This is one aspect of his identity that he often engages with publicly. He does this when performing in theaters, but also when engaging in acts that are linked to this. For instance, when promoting the movie musical “Mary Poppins Returns” he went on the “James Corden show” with his co-star Emily Blunt. They performed a compilation of 22 Broadway musicals in 12 minutes. His performances in stories do seemingly match Broadway identity.
This means Broadway is definitely part of the text of his celebrity image. In the next section, we see how the sociocultural background around this text makes this part of his celebrity image's text acceptable (Dyers, 1986).
Broadway is something that people have a certain image of. Lin-Manuel Miranda seems to fit right into this. Creativity seems the first thing that comes to mind. Writing, acting and dancing in actual Broadway musicals, that play on Broadway in New York city fits into this. Furthermore, a Broadway play is often seen as a complex work of art, in which music, story and performance are combined (Maslon, 2021). This describes the plays that Miranda has played in and wrote. Both his plays "Hamilton" and "In the Heights" are definitely considered Broadway by most, as well as other works he performed in such as "West Side Story" (Lin Manuel Miranda.com, 2021).
There is more to it. The words that Miranda teaches in the first video of this section are an example of what is perceived as typical Broadway or theater kid. However, to note what is perceived as Broadway in society at large, I looked at a couple of sites that described what showed that you were a theater kid. The two terms are often used interchangeably. One aspect I found over and over again was belting out show tunes. As one can easily perceive in the video under this paragraph, Miranda does this (Jennings, 2017). Furthermore, recognizing songs really quickly is also a trait often linked to Broadway identity (Ben Bailey, 2017).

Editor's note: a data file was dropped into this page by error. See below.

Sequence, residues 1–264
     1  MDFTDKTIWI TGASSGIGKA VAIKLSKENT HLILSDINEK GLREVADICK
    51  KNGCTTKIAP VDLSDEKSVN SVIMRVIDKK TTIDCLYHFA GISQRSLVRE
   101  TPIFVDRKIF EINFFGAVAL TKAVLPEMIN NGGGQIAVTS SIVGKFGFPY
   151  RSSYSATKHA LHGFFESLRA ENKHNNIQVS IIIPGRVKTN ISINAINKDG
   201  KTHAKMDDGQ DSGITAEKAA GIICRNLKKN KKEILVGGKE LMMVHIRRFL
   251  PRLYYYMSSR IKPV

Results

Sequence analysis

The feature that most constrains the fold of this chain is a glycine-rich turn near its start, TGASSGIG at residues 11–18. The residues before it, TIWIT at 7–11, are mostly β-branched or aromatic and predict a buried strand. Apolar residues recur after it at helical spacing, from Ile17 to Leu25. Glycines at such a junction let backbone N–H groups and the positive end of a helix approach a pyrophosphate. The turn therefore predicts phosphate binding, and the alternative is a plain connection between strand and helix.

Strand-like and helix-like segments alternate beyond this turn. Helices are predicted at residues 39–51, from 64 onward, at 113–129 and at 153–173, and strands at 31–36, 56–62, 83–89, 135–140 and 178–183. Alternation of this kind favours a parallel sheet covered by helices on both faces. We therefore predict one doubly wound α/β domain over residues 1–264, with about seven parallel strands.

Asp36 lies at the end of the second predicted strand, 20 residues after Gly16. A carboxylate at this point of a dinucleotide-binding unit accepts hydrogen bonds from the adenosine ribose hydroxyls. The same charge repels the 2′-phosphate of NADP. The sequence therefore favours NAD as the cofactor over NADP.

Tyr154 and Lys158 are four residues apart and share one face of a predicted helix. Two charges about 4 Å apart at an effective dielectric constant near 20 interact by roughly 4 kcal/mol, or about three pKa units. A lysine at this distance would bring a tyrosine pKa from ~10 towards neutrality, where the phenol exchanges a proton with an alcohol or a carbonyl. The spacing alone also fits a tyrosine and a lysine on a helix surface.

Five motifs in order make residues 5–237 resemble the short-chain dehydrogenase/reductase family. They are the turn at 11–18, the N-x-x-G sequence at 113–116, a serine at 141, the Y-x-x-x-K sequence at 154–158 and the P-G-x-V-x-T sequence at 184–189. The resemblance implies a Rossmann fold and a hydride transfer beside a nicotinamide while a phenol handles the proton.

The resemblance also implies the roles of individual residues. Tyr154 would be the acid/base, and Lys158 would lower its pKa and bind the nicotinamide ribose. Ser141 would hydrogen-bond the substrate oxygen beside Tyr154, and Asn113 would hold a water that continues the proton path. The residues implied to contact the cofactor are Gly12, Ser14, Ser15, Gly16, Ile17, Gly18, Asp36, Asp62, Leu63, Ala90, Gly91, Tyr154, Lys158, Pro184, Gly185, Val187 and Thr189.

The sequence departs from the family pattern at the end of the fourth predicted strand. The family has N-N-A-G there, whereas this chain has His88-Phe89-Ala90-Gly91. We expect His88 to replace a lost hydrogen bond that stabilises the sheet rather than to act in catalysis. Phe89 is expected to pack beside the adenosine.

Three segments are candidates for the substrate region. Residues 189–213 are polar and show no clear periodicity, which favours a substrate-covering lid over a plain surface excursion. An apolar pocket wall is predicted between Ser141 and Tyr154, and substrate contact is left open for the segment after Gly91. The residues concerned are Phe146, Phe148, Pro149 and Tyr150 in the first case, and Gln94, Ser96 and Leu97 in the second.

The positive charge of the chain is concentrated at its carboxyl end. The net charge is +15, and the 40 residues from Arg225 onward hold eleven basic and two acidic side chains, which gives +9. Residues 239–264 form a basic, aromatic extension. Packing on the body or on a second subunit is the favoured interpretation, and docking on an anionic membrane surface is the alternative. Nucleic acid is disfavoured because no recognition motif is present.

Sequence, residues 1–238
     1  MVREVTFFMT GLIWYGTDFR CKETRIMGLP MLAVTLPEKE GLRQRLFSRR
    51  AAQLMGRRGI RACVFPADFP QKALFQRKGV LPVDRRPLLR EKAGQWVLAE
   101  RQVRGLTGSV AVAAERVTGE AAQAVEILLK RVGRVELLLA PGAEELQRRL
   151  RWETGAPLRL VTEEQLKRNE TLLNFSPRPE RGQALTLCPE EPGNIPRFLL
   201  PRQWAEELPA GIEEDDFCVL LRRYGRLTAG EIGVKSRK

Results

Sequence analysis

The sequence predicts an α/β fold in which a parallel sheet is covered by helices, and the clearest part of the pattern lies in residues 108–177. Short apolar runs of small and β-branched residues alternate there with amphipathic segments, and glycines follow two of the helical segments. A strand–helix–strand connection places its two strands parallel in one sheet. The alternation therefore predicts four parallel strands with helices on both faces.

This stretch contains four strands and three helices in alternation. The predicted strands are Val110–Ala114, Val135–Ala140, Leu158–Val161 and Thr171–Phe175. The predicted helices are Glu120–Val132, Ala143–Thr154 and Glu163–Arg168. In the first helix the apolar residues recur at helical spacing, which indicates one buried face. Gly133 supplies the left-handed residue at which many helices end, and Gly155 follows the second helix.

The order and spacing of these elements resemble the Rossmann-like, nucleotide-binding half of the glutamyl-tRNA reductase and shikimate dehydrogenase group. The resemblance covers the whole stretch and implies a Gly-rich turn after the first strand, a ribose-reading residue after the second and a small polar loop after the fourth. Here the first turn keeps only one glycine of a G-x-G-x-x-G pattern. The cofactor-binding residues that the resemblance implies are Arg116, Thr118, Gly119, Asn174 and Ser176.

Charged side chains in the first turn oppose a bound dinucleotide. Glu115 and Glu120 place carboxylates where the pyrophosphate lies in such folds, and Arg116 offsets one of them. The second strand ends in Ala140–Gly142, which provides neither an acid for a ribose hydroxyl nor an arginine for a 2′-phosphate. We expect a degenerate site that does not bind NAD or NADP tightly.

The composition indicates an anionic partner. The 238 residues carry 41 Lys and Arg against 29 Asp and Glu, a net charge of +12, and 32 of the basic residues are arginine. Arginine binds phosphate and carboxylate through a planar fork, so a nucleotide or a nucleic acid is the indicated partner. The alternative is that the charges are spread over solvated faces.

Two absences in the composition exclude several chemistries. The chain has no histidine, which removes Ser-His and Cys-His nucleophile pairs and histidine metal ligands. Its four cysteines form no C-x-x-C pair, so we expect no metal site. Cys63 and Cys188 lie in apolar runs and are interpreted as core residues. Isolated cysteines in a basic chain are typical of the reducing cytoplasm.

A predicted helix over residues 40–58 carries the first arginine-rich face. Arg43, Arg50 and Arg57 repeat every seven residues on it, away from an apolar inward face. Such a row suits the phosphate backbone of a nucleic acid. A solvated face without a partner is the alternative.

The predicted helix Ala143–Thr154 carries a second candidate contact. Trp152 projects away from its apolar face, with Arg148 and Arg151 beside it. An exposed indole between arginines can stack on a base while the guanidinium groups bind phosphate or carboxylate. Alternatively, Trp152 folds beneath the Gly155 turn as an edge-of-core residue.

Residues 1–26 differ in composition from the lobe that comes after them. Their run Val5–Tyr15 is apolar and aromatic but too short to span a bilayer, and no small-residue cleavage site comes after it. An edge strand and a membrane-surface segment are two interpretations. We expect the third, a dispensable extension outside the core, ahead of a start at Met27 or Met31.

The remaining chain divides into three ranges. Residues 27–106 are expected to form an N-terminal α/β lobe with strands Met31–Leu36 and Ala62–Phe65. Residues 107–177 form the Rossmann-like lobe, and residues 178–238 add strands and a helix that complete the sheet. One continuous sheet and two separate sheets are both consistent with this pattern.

Lin Manuel Miranda, plays a role that exists in society, specifically that of a Broadway person. There are expectations of behavior linked to this. Since he meets these, we can say that Lin Manuel Miranda does the things that are expected from a Broadway person: he sings, dances writes and acts, and does other things that are typically associated with Broadway. He seems to fit easily into the image of a Broadway person that society has. This means that not only is Broadway a part of the text of Lin-Manuel Miranda's celebrity image, but the socio-cultural background seems to allow for this. He has enoughness for this and is thus accepted in the existing background (Dyers, 1986).
He clearly exhibits indexicals for Broadway identity. Such aspects are part of the text that makes up his multi-contructed celebrity image.
Miranda could thus be described as a celebrity who is famous in this particular field. He clearly exhibits indexicals for Broadway identity. This aspect is part of the text that makes up his celebrity image. This part of his image is accepted within the sociocultural background as Lin-Manuel Miranda fills a role that society allows him to take. Thus he is seen as an authentic member of the group. So much so that he is qualified to teach others how to be part of the group. Therefore the Broadway identity aspect is one factor of influence on his celebrity image. It is part of the text that makes up his celebrity image. This is accepted in the socio-cultural background as he carries enoughness (Blommaert & Varis, 2015; Dyers, 1986).
Lin-Manuel Miranda as an Activist/Latin person
Miranda is also often framed as a Latin Icon. He also engages in this himself through actions such as the "Almost like Praying" campaign and other activist activities. The video below shows his music video for the song "Almost like praying". This is an effort to engage audiences with the struggles of Latin Americans and specifically Puerto Rican people after the hurricane in 2017. Relief became a politically charged issue after ex-President Trump was very late to give any to the island.
The song itself uses many Latin elements and is very similar to the popular Latin genre of Reggaeton, because of the rapped vocals, high level of syncopation, and instrumentation. Even the song's vocal start with a rather distorted microphone is reminiscent of elements used in Bolero and Salsa.